Japan: Peeps at History - John Finnemore

Early Japan (continued)

The Emperor Suinin was followed on the throne by his son Keiko, and Keiko is remembered chiefly as the father of a famous son, Prince Yamato-dake, whose name is great in Japanese legend. The career of this prince is pictured as most daring and romantic, and even as a youth he is shown as doing wild and wonderful deeds. The first story told of him shows him as a cool, ferocious character. His father said to him one day, "Your elder brother does not come to the banquets in the palace. Why is this? It will be your task to speak to him and teach him his duty." A few days passed, and again the Emperor said, "Still your brother does not attend to his duty. Have you given him a warning as I bade you?" "I have given him a warning," answered the young prince calmly. "In what manner did you give him a warning?" "I slew him and flung his body away," was the cool answer.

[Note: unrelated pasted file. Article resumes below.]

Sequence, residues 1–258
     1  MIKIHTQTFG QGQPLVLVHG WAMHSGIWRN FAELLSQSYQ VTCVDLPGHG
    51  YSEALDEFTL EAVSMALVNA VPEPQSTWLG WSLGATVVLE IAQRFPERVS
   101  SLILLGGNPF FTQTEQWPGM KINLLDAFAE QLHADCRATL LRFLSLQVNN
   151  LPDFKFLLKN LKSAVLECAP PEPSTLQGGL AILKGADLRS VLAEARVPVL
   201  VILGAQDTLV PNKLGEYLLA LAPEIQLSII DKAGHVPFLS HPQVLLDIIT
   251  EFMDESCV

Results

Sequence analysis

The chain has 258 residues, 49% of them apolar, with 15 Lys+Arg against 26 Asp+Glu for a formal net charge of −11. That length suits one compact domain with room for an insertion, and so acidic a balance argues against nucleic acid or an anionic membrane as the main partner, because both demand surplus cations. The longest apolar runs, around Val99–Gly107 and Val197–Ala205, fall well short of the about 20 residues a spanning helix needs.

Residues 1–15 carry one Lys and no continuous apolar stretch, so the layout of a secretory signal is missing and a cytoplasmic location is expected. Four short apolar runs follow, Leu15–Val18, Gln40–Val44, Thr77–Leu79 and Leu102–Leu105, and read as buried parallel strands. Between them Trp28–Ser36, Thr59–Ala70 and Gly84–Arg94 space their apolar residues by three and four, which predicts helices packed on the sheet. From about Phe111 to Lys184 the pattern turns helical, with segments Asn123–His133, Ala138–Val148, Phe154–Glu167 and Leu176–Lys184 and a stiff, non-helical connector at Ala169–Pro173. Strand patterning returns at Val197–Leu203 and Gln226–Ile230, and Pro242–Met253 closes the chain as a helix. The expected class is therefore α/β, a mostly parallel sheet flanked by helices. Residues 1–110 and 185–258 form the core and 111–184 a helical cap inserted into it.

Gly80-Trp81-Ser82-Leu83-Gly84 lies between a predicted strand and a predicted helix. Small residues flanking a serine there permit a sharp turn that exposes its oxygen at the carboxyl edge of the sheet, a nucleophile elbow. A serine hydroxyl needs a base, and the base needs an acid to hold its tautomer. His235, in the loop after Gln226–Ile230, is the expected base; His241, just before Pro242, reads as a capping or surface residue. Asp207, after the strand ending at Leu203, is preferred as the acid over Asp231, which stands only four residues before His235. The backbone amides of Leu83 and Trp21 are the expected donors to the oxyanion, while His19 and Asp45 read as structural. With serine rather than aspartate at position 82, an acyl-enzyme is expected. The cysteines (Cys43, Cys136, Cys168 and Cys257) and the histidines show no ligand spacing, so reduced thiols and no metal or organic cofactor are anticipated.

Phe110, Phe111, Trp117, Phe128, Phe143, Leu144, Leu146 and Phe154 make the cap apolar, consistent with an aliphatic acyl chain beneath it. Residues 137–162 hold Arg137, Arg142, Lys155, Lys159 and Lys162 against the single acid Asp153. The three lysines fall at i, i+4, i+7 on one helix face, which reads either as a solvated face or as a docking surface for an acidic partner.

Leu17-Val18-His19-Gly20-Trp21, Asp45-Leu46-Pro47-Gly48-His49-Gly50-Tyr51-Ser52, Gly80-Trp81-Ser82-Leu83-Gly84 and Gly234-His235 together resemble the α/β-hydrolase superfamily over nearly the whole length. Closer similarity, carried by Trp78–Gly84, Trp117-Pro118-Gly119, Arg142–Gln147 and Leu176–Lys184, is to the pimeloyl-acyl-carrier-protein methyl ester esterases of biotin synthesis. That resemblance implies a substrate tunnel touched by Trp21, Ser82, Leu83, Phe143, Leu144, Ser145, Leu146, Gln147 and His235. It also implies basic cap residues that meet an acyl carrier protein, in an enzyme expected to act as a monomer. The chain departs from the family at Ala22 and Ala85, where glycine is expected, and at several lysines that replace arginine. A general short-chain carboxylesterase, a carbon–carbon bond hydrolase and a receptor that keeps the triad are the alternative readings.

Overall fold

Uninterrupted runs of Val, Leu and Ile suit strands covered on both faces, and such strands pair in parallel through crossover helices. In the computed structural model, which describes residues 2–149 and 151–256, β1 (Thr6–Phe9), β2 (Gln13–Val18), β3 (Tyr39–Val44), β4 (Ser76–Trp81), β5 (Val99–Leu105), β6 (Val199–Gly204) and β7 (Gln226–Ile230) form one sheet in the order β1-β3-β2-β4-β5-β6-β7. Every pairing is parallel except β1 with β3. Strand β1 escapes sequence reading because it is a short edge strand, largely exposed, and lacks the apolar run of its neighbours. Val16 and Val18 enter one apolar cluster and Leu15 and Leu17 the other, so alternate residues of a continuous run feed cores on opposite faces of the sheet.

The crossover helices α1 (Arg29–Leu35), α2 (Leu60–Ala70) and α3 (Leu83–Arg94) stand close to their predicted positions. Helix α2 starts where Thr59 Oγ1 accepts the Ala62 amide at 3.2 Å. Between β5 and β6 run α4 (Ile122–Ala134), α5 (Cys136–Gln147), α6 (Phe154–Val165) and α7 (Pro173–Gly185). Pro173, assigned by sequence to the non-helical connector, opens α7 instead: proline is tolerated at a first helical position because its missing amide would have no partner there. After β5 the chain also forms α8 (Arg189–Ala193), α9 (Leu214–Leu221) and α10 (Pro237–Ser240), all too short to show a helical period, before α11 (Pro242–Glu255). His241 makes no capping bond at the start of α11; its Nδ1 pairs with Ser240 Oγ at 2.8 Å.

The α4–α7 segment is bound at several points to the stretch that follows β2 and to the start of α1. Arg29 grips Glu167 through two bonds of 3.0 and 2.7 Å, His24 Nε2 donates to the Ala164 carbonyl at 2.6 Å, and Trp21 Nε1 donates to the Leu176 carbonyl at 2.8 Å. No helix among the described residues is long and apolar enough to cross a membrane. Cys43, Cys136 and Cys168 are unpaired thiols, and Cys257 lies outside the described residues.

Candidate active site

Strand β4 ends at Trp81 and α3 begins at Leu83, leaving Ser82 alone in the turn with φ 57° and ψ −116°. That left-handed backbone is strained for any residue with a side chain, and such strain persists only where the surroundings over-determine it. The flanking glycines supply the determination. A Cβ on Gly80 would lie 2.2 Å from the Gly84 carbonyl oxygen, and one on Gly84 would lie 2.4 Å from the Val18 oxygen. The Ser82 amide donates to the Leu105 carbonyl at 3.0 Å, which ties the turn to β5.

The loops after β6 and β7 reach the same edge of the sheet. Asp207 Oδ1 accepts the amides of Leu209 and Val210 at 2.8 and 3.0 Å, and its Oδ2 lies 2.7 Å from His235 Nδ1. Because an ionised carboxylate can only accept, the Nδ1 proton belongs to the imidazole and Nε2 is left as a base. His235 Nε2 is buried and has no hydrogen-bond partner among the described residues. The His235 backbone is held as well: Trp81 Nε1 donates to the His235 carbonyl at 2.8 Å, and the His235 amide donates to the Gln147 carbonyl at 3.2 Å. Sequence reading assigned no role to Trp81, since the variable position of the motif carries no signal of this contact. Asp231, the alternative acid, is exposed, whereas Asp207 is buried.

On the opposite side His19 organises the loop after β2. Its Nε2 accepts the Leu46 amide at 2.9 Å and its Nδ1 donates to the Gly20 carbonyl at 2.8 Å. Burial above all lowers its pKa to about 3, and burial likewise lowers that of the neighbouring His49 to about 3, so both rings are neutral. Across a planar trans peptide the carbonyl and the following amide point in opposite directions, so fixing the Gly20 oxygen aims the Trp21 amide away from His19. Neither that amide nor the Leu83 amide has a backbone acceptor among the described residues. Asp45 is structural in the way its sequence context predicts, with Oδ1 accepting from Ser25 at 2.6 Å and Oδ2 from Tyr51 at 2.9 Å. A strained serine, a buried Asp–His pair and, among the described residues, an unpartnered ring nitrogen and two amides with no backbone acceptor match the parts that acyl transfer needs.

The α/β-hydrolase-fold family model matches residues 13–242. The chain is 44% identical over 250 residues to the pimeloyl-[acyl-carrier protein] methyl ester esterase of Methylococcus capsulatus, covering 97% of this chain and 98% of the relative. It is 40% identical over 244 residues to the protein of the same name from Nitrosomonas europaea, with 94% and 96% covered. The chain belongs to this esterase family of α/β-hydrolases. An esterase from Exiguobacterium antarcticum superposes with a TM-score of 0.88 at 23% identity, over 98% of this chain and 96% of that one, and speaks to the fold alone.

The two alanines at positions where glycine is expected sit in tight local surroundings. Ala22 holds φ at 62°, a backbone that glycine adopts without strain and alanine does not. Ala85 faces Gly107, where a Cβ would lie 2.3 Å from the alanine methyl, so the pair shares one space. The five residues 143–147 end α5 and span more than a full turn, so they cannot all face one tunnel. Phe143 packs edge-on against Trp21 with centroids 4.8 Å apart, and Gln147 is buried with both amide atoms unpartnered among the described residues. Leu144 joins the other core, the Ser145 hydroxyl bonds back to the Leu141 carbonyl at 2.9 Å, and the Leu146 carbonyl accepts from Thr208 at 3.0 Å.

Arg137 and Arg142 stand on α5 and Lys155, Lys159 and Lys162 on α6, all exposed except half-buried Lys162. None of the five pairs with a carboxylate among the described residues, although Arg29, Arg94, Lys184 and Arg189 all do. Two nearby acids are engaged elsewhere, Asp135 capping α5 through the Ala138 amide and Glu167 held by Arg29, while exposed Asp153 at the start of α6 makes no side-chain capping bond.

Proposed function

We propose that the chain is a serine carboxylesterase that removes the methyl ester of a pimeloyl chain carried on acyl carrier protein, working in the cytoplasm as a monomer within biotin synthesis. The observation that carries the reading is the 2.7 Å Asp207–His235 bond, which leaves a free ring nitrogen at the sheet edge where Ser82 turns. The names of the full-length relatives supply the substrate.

The Emperor was horrified at this dreadful reply, and began to feel uneasy before this terrible son, so he set him a task which would fully employ his powers. In a distant province lived two brothers, savage bandits, who laughed at the Emperor's authority, and robbed and murdered his subjects. He ordered his son to go and subdue them. "I will go," said the prince. First of all he went to his aunt and borrowed from her a female dress, and in the bosom of this dress he hid a sharp sword. Next he journeyed to the province where these wild outlaws lived. He reached their hiding-place and found that they were about to take up their dwelling in a new cave which they had dug out of the rock. To celebrate the day they had invited many of their neighbours to a feast, both men and women. The prince was young and very fresh-looking, and he put on his woman's dress and let down his long hair, which had been bound about his head. He went into the cave, and the robbers were delighted to see this beautiful stranger, and gave the supposed maiden the chief place at the feast, seating the new-comer between themselves and offering fruit and wine.